Excerpts from the "How To Build RC Helicopter Training Gear" e-Book...
So Why Would You Want To Build Your Own Training Gear?
Simple – building training gear for a RC helicopter is actually very easy and cost effective. You can save a good deal of money and have a little building fun at the same time. The materials for building a set of medium sized (30-50 size nitro) training gear can be purchased at any hardware store or even places like Wal-Mart. The cost of materials will be under $10.00 USD in most cases, less if you can find stuff on sale or have some of the materials already on hand. Compare that to a set from a hobby shop that will be in the $25.00 to $40.00 dollar range, I have even seen sets as high as $70.00.
If you build your own set, you can fine tune it to your specific heli and your own needs. You don’t have to worry about breaking a set from a hard landing or crash. You can build another set or repair the damage quickly and easily. It only takes about 20 minutes to turn out a nice set of training gear that will give as much protection as any store bought set.
Sizing Your Training Gear...
Before you go shopping for training gear materials, you must know what size of training gear you are going to be building; obviously this plays a fairly important roll in your shopping list.
There are 3 main parts to the RC heli training gear.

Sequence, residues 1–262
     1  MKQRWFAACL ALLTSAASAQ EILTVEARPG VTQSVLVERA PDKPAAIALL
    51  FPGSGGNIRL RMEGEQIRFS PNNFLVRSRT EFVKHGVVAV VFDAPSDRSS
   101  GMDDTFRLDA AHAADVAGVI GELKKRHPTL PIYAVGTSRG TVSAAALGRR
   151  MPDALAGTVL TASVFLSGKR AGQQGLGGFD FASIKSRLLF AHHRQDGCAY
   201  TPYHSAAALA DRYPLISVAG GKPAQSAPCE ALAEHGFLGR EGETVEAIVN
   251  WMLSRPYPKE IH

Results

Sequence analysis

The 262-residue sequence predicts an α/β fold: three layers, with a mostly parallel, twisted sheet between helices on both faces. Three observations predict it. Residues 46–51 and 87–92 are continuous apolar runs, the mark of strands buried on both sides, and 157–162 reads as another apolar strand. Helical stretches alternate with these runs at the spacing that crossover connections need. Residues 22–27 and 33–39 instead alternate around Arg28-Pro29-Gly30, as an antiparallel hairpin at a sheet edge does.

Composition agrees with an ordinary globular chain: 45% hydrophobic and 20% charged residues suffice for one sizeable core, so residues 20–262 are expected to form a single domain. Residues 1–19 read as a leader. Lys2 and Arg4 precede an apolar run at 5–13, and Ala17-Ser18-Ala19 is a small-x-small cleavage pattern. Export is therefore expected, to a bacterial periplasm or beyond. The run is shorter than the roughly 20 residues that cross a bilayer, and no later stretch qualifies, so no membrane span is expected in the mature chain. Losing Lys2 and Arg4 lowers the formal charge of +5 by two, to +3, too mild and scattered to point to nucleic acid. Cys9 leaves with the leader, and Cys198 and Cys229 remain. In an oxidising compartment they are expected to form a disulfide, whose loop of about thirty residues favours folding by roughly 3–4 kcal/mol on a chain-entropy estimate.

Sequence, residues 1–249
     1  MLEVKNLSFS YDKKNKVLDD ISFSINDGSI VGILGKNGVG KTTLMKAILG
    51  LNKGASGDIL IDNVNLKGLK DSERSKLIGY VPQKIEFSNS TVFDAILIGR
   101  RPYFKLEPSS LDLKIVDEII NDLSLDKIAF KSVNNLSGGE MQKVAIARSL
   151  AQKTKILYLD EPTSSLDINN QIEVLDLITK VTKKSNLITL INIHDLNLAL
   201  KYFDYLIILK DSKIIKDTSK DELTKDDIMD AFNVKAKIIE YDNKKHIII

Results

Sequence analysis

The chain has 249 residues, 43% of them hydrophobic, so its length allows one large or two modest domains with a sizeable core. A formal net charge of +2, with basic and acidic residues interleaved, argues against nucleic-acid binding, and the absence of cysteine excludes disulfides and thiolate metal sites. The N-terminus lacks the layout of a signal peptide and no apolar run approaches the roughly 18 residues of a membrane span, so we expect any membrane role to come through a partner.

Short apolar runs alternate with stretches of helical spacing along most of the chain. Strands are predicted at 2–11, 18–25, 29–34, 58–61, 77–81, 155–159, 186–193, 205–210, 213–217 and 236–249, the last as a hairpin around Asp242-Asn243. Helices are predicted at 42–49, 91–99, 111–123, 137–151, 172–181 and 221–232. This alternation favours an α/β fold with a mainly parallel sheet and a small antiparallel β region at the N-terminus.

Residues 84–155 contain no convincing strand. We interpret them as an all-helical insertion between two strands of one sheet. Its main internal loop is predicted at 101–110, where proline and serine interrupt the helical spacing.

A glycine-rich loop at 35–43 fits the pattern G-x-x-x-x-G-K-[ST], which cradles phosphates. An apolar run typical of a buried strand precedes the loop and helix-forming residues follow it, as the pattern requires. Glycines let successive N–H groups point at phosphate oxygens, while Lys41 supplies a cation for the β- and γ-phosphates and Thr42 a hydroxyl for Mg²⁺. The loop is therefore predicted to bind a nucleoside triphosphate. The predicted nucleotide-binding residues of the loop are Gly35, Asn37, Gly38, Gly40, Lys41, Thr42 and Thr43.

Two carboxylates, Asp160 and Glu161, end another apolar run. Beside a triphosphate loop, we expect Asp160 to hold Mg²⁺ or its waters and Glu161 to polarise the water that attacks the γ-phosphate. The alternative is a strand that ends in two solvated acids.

The two parts of the training gear that are size dependent on the helicopter are the sticks and center hub. The specific balls we are going to be using will work on any size heli from 400 electrics up to 90 size nitros.
Time to get out that tape measure or ruler...
Back so soon? Guess it is time to get the list together and head out.
So, what do you have so far? Let’s say we are building a set of training gear for a 400 size heli like E-flite’s Blade 400. Here is what should be on the list...
Oops, I almost forgot to talk about the actual balls that go on the end of each stick. What are they, where do you get them from, and are they important. Some people ask me what the balls are for and can you omit them?
Now, I should mention right off the bat, that unlike building training gear for larger RC helicopters which can save you a fair amount of money over store bought sets; building micro gear initially won't save you a dime and will usually end up costing more unless you already have the materials on hand. So why bother? Well, it turns out store bought micro sized gear is very limited in sizing right now and unless we are talking small mCX, mSR, or Nano type micros, it's actually very difficult to find the proper size gear for helis like the 120SR's, CX's, mCPx's, and 130X's; same goes for 200 to 300 size birds - very little in the way of commercially available training gear for those larger size micros & small helis.
The whole idea behind building your own set of training gear was to save some cash plus have a customized sized set of gear for your heli. The other nice thing with this process is you now know how to build a set for whatever size helicopter you get or modify them to suit your own needs. Finally, if you break a home made set they are easy to repair or rebuild.
What not to do!
When I built my first set of training gear for my first RC helicopter, I made two mistakes.